Today, the Los Angeles News Group launched its list of the “50 Most Powerful in L.A. Sports.” The list includes Magic Johnson, Mark Walter, Vin Scully, Clayton Kershaw, Stan Kasten, Mike Scioscia, Yasiel Puig and Andrew Friedman. Dodgers advisor Ned Colletti ranks among the “fallen five.”
TEMPE, Ariz. — The Dodgers and the Angels will have instant replay at their disposal for their first head-to-head Cactus League game of 2014. Managers Don Mattingly and Mike Scioscia are able to challenge one umpire’s call during the first six innings. In innings 7, 8 and 9 the umpires can initiate a challenge.
The camera angles at Tempe Diablo Stadium aren’t what they will be during the Freeway Series, when replay will be in use for the first time. But Prime Ticket is televising the game, so at least the teams won’t be at the mercy of an in-house video feed.
It’s the first replay game for the Dodgers and the fourth for the Angels. Scioscia has already thrown one challenge and lost; I asked him this morning if he’ll challenge for the sake of challenging — practice for the manager, practice for the umpire, practice for Nick Francona.
“You have to practice the logistics that’s for sure, but I don’t want to make a mockery of it,” he said. “If there’s a play that makes sense — I know the umpires are looking forward to the challenge, just so they can get their end of it worked out too.”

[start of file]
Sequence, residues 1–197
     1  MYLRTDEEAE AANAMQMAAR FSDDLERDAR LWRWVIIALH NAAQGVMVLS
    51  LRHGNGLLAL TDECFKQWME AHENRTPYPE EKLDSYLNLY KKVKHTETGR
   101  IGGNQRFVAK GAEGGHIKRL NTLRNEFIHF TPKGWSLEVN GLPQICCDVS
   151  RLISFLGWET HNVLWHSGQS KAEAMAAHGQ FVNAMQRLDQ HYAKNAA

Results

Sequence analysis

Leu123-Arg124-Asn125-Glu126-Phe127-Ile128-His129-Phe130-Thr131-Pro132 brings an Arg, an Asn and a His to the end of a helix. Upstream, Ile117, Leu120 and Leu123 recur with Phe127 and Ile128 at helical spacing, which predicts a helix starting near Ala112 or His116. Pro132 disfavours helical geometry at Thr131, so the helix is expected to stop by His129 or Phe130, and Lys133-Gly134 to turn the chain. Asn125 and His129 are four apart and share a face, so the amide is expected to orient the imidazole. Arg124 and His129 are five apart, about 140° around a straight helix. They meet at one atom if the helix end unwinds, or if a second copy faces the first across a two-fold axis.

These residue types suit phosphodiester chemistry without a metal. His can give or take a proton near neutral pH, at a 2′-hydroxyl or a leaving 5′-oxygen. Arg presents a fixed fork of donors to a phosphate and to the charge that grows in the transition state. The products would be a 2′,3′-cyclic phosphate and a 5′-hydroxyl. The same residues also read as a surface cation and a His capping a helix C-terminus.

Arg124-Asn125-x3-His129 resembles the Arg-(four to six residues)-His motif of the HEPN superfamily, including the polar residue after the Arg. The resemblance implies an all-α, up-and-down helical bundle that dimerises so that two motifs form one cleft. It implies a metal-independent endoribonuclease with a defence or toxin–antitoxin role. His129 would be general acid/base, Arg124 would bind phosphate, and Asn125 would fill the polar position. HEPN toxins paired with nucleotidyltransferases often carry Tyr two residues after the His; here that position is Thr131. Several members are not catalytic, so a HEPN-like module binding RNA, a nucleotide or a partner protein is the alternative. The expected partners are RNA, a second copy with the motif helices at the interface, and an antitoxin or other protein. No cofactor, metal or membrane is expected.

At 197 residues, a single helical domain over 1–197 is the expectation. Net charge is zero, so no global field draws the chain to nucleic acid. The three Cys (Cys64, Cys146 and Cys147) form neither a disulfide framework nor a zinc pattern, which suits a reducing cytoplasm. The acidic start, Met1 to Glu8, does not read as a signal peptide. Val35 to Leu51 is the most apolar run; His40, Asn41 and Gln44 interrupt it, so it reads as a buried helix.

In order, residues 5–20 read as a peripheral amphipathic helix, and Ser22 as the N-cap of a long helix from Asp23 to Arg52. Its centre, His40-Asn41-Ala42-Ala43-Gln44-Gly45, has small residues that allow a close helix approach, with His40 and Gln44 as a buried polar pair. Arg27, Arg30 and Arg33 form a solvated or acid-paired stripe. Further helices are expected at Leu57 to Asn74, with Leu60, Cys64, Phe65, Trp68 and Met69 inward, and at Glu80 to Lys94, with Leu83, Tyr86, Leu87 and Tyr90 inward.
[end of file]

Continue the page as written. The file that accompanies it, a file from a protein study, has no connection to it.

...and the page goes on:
Here are the lineups for both teams:
Before he was named manager of the Angels, Mike Scioscia honed his coaching chops in the Dodgers’ minor-league system. In 1999, he managed the Triple-A Albuquerque Dukes to a 65-74 record.
A couple years before that — we’re guessing 1995 or ’96 — he got his first exposure to coaching, and he remembered it as a real wake-up call.
“I remember the first field I went down to in instructional league and Chico Fernandez was our infield coach with the Dodgers,” Scioscia said. “I went down to do the catching, and he said ‘Mike, who did you like?’ I said nobody. You are just seeing the (players) raw. Oh my God. But you know who was on that field? (Adrian) Beltre. (Paul) Konerko. As these kids start to get a little separation from being teenagers you see that growth and you see that stone getting polished. And then you go, ‘wow.’ It’s almost that culture shock of going down and seeing an 18-year-old when you’ve only been seeing 28-year-old all-star caliber players in the major leagues.”